While living in D.C., the reintroduction of a college roommate turned Ali Cassidy’s life in an unexpected new direction.
Prior, Ali had been working in broadcast journalism. “I had applied for the broadcasting job on a whim, and loved it,” she said. “I had grown up and attended Princeton High School in New York, and was very active in the music and drama programs, playing the flute and acting in plays.
“I also speak three languages so when I was working for NPR, I was able to introduce pretty much anything they through at me by utilizing my experiences with classical music in high school.”
It became obvious that her friend was in need of psychiatric help. “And I reached out to an organization, the ‘DC Hotline,’ and they put me in touch play has been the obstacles involved in being the first
to perform in the new Studio Theater.
“It’s made things a little bit difficult, not necessarily knowing where you’re going to rehearse what night, because we’ve got a couple different shows going on,” Veneziano said. “It makes things exciting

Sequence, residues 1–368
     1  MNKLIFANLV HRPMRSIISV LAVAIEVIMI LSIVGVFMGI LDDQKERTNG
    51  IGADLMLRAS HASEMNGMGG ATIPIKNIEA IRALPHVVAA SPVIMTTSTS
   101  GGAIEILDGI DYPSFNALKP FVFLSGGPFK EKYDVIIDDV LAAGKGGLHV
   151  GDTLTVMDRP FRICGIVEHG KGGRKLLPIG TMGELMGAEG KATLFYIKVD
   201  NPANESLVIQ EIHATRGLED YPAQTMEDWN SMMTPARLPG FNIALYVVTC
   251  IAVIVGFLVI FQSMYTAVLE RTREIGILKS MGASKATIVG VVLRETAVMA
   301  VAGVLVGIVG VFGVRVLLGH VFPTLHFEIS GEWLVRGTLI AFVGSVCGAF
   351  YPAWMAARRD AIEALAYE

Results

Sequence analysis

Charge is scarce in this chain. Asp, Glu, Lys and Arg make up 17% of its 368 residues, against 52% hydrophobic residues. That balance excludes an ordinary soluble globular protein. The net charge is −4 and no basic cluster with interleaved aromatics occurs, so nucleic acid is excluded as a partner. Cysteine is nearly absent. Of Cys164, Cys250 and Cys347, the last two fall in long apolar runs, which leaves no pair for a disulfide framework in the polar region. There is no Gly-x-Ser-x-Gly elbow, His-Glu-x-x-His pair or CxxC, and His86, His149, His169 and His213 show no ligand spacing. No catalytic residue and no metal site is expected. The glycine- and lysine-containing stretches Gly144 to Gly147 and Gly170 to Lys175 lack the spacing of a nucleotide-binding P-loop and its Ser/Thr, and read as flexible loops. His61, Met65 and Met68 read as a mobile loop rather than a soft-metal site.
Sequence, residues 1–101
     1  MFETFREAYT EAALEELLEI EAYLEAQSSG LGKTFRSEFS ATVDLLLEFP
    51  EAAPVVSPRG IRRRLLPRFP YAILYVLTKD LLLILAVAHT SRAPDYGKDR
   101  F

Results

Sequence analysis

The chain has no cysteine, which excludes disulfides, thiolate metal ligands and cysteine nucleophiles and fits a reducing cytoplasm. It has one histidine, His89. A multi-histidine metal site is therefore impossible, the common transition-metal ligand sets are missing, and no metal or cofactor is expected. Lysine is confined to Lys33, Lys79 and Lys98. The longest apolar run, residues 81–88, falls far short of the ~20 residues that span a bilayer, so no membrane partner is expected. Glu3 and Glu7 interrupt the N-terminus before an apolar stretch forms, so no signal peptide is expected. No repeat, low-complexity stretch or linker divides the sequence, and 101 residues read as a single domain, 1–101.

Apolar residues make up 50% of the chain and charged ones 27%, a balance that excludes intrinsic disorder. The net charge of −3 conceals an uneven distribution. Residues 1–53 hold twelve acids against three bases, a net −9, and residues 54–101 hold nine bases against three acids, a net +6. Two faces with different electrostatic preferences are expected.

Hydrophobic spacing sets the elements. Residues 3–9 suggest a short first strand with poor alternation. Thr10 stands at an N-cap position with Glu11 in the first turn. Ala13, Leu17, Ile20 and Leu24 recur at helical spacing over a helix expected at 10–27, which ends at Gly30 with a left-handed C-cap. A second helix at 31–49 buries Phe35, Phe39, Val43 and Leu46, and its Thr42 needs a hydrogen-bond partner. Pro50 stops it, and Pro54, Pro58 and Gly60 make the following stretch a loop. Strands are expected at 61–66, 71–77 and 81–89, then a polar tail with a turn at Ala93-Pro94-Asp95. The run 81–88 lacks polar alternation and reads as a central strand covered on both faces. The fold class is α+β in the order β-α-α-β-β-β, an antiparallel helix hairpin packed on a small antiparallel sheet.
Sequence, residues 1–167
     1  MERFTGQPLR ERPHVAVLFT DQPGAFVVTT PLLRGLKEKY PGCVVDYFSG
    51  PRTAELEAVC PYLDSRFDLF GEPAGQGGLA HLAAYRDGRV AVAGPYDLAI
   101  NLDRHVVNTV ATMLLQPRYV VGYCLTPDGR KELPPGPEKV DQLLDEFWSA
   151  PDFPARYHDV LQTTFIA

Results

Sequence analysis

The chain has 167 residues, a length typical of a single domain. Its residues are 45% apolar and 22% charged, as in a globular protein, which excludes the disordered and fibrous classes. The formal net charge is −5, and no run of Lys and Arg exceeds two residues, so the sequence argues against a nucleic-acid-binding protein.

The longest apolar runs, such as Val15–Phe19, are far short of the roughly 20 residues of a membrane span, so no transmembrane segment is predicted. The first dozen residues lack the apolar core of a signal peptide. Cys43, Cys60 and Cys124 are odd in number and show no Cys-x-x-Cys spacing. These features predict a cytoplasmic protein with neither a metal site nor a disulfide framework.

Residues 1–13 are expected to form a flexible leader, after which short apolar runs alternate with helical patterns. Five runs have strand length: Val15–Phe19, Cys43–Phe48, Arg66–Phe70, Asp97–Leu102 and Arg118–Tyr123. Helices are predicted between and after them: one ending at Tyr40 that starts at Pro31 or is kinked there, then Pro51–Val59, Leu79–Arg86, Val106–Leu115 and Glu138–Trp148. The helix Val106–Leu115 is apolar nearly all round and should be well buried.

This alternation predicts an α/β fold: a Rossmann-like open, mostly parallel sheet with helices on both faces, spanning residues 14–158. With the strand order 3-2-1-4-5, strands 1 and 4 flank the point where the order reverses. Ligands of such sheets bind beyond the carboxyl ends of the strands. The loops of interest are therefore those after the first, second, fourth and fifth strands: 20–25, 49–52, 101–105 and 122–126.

as well because when we finally get in there, we’re just going to take off with it.”
The actor playing Einstein, Erik Hermstad, added that the opening
of the play was delayed a week, which was both frustrating but also allowed the actors more time to strengthen their performances.
“Because of the red tape, we haven’t been able to open when we wanted at the time we wanted,” Hermstad said.
“However, that just kind of gave us all time to kind of relax more
into the role.”
The final surprise patron to join the bizarre combination of historic
characters at the Lapin Agile is a charismatic dark-haired singer, timewarped in from a later era. For more information and to buy tickets, visit www.pca-az.net, or call 928-445-3286.
Jesse Bertel is a reporter/videographer for the Prescott News Network. Follow him on Twitter @JesseBertel, email him at
email@example.com, or call 928-445-3333, ext. 2043.